- Host Seth Meyers joked about network TV celebrating cable shows
- Some critics were unhappy with "Modern Family" win
- Netflix nominees and other edgy cable shows were shut out this year
With one of his first jokes at the 66th Primetime Emmy Awards, host Seth Meyers cut to the chase:
"MTV aired the Video Music Awards last night. That's right, MTV still has an award for music videos even though they no longer show music videos," he said. "That's like network TV holding an awards show and giving all the trophies to cable and Netflix. That would be crazy. Why would they do that?"
There was loud laughter in the auditorium -- knowing laughter, because that's what the Emmys have resembled in recent years: an awards show on network TV celebrating cable TV.
During this year's awards telecast, though, viewers could almost see the tug-of-war -- as the networks pulled off some surprising wins and Netflix found itself shut out of the major categories.
In fact, Monday's telecast felt at times like an elaborate commercial for network TV, interrupted ever so briefly by an actual commercial that Netflix paid to air during the first of the three hours. It was a reminder that the answer to the question "What's the future of television?" is "all of the above."
When it was all over, the cable channel AMC, home to "Breaking Bad," had picked up five Emmy statues, but so had CBS, the broadest of the broadcast networks. One of CBS's five was awarded to Julianna Margulies, star of "The Good Wife," in the lead actress in a drama category.
On stage, she thanked "our writers who never cease to amaze me with 22 episodes a year" -- a jab at cable series that tend to have much shorter seasons.
Another network series, ABC's "Modern Family," came away with three wins, including the outstanding comedy award for the fifth year in a row. Television critics expressed disappointment on Twitter -- partly because there were newer, edgier nominees like Netflix's "Orange is the New Black" and HBO's "Silicon Valley" that deserved the prize.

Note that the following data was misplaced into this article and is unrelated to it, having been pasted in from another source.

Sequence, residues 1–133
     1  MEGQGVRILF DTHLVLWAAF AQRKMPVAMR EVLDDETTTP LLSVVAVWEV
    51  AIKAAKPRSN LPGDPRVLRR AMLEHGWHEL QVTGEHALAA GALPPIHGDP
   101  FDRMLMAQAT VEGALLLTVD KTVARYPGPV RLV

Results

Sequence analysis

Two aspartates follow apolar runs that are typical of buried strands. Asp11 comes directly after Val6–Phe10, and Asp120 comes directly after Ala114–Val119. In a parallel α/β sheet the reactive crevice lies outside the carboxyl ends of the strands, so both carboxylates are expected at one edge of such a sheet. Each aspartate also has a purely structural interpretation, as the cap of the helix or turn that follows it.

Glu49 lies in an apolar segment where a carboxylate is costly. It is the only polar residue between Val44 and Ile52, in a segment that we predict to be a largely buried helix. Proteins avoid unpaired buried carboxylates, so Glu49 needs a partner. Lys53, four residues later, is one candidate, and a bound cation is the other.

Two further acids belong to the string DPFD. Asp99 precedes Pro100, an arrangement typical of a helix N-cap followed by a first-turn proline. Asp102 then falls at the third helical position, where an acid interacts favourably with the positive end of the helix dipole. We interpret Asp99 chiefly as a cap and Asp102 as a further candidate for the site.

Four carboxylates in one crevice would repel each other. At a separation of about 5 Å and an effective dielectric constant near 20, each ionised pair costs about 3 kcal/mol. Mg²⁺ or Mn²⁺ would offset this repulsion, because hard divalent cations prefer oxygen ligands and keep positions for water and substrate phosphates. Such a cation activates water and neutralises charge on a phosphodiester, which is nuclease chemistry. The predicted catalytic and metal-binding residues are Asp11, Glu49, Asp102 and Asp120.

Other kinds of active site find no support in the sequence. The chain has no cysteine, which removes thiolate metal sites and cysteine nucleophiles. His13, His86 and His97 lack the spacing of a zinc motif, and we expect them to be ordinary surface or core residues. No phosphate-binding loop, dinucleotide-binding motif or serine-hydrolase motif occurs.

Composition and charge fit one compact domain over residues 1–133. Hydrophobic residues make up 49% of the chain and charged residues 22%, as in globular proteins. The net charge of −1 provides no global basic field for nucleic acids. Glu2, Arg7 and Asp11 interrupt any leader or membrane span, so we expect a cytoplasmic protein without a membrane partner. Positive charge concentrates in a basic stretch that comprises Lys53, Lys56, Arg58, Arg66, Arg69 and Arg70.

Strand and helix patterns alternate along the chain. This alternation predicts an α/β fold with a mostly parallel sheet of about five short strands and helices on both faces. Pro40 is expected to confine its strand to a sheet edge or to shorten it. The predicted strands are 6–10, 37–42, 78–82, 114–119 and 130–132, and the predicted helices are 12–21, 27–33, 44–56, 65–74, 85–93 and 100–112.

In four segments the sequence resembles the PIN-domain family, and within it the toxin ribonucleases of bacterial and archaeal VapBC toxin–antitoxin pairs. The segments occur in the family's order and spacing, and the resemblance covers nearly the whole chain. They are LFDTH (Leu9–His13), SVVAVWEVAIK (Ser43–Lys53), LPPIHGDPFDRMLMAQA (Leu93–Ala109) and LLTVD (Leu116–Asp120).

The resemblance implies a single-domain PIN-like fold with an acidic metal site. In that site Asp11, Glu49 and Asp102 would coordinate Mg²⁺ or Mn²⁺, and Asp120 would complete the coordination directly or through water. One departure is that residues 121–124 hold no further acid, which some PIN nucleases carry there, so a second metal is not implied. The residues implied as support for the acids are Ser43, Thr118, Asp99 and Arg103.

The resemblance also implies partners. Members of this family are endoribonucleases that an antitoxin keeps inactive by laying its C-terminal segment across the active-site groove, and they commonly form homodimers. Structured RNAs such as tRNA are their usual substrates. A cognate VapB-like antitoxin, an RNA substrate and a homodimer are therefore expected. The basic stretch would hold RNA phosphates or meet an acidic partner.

"Even for the Emmys, this is some hardcore repetition," NPR's Linda Holmes wrote on Twitter.
But ABC was understandably thrilled by all the recognition for the sitcom.
"Someone forgot to tell the voters that the networks weren't supposed to win anything," opined Slate's Willa Paskin.
For viewers, of course, there's hardly any network-cable tension at all. These days, TV fans barely distinguish between ABC and AMC and Amazon, and they don't have to, thanks to newfangled set-top boxes and streaming video websites.
Case in point: On Monday, I watched an old episode of NBC's "Friday Night Lights" on Netflix, then the Emmys red carpet on the cable channel E!, and then the actual awards show on NBC.
Furthermore, all of the companies that own broadcast networks also own lucrative cable channels, and in many cases the same companies also license shows to streaming services like Netflix.
Still, there is palpable tension within the television industry: Some broadcast executives resent the fact that long stretches of the Emmys -- which they take turns televising -- amount to celebrations of cable. The executives also point out that there are big differences between the business models of broadcast and cable, and in many ways, that favors cable.
All of this raises a question that gets re-asked every year: Can a broadcast series like "Downton Abbey," on PBS, really compete with "True Detective," on HBO, or "Breaking Bad"?
On Monday, the answer was yes, with an asterisk. Indeed, Margulies' best actress win -- her second win in the category -- was all the more notable because "The Good Wife" was not even nominated for best drama. Backstage after the telecast, Margulies said she felt very strongly that her award was "for the whole team," for the whole show.
Other network wins included Allison Janney for her supporting actress role in the new CBS comedy "Mom" and Jim Parsons for his lead actor role in "The Big Bang Theory." PBS's "Sherlock" earned three statues, as well.
There was something of an underdog spirit to these wins -- underscored by the joke Meyers made upon introducing Stephen Colbert, the Comedy Central late-night star who will succeed David Letterman on CBS next year.
"He's being demoted from cable to network TV," Meyers quipped.
Later in the evening, Colbert won the variety series Emmy for his "Colbert Report." Next year, his old cable and new network shows could compete with one another in the category.
But broadcast, cable, HBO, Netflix -- viewers don't care where the show comes from, as long as the show's worth watching. And the lines between all the different versions of TV will continue to blur.